religious organizations, the order included no exception for religious practice, putting a question mark over some services provided by churches to the poor and the homeless. Similar questions of conscience are highlighted in their analysis concerning Canada. The authors describe the case of Trinity Western University, an evangelical Protestant college, which limits its faculty members to those who share its faith. Opponents claim it should be barred from opening a law faculty as its belief in the traditional definition of marriage prevents it from offering legal education. “The outcome of this dispute will affect all religious institutions that demonstrate a preference for co-religionists,” they write. Regarding Western Europe, Dr. John Newton – an author on religious freedom who works for Aid to the Church in Need in the UK and Viennabased Dr. Martin Kugler of the Observatory on Intolerance and Discrimination Against Christians in Europe – paint a worrying picture of the gradual marginalization of those trying to maintain

CASE STUDY

China (Tibet) Buddhist monk dies in detention December 2013: Chinese police are suspected of beating to death a Tibetan Buddhist monk, Jamyang Geshe Ngawang, while he was being held in prison. Jamyang, aged 45, and two of his friends were arrested by public security officials in November 2013 while on holiday in Lhasa, the provincial capital of Tibet. Since then, all traces of him were lost until Dec. 17, when the police handed over his body to his family. Ngawang Tharpa, a Tibetan living in India but who maintains contact with his country of origin, told Radio Free Asia: “He was beaten to death. When the police handed over his body, they warned the family members to say nothing of the incident. Otherwise, they would be killed.” There is no news to date of the two companions arrested along with Jamyang. Jamyang Geshe Ngawang was highly respected by the local community and was popular among the local faithful. He taught for many years in an Indian monastery before

26 |

returning in 2007 to Tibet, where he accepted the post of lecturer at the monastery of Tarmoe Nagchu, Diru County. According to the Tibetan Centre for Human Rights and Democracy, “it is clear that the monk was beaten to death while being held in a secret prison. He was a big man and in good health when he left his monastery to visit Lhasa.” In 2008 Jamyang was arrested in Tibet and sentenced to two years in prison on charges of “maintaining contacts with foreign countries.” However, he was released early for good behavior. According to the Tibetan Center for Human Rights and Democracy, 87 prisoners were tortured and died either in detention or shortly after their release between 1987 and early 2005. Sources: www.AsiaNews.it, Dec. 20, 2013; Tibetan Center for Human Rights and Democracy, Jan. 27, 2014 (www.tchrd.org).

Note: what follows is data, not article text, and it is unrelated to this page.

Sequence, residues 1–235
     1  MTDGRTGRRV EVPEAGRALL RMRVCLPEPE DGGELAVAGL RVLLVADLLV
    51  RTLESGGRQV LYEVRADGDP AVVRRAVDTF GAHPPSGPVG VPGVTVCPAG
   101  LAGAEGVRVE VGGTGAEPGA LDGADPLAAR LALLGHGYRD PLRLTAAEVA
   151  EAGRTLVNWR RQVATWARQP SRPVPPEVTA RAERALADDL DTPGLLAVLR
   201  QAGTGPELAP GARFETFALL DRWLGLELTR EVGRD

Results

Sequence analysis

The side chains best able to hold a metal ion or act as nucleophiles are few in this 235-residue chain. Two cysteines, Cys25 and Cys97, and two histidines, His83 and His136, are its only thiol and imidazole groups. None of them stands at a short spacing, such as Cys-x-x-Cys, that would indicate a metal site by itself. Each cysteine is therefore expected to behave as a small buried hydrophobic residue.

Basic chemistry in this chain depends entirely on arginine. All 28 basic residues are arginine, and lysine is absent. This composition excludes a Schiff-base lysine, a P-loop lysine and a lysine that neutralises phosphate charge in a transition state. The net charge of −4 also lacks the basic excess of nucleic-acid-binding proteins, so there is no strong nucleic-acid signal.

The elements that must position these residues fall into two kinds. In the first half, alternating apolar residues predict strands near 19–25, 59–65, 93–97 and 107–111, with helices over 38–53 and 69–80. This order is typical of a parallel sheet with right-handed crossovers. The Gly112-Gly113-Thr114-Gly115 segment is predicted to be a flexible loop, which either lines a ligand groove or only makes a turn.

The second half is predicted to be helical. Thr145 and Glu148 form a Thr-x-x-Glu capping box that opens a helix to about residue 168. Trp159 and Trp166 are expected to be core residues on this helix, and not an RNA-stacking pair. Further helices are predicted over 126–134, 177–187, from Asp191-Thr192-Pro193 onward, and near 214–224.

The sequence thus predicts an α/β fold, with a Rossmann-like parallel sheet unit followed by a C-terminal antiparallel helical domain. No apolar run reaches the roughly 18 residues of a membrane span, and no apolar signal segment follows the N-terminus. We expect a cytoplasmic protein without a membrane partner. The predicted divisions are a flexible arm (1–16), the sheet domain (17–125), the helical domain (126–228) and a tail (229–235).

Religious Freedom in the World 2014 – Executive Summary

Courtesy: Tibetan Centre for Human Rights and Democracy.

| 27


Religious Freedom in the World 2014 – Executive Summary

CASE STUDY

Central African Republic Christians and Muslims brought together for peace January 2014: Kobine Layama, a Muslim Imam and chairman of the Islamic community in the Central Africa Republic, together with Dieudonné Nzapalainga, the Catholic Archbishop of the capital of Bangui, and Nicolas Guerekoyame, a Protestant Minister, have established an inter-denominational peace group. During the time when half the country was occupied by the Séléka rebels, the three men conducted peace missions, mediating between the parties in the country’s interior in order to prevent the clashes from becoming open warfare. When the Séléka rebels occupied Bangui, and seized power there, Imam Layama found himself in a difficult personal situation: many Central African Muslims saw this as a sign that the time had come for them to take power, and in many places Séléka rebels and Muslims openly collaborated. Kobine Layama is a pious Muslim who is convinced that Muslims and Christians should live in peace and mutual respect. He became an awkward figure for the Séléka rebels because he preached: “What you are

28 |

doing – stealing, killing, raping women and terrorizing people – is contrary to what God commands us to do in the Qur’an.” As violence raged through Bangui in early December 2013 and caused 500 deaths in three days, Kobine sought shelter with his friend, Archbishop Nzapalainga. He knew that his life was under threat from the extremists on both sides. Since then, he has indefatigably called for calm and reconciliation. According to these three religious leaders, the nature of the Central African conflict is not religious, but social and political. Violence and revenge is being fomented by those who want to see an outbreak of hostilities between Christians and Muslims; time and again this puts the country’s citizens in dangerous situations. At great risk to themselves, the Imam, the Archbishop and the Minister are three courageous voices tirelessly calling for peace. Sources: Aid to the Church in Need, February 2014